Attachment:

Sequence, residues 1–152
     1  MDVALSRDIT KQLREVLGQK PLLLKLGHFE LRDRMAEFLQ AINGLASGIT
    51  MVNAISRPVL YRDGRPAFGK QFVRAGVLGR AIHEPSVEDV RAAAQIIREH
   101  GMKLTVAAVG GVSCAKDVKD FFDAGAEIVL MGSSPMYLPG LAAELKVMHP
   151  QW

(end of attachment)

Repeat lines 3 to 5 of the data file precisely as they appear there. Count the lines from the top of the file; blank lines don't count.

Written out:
    51  MVNAISRPVL YRDGRPAFGK QFVRAGVLGR AIHEPSVEDV RAAAQIIREH
   101  GMKLTVAAVG GVSCAKDVKD FFDAGAEIVL MGSSPMYLPG LAAELKVMHP
   151  QW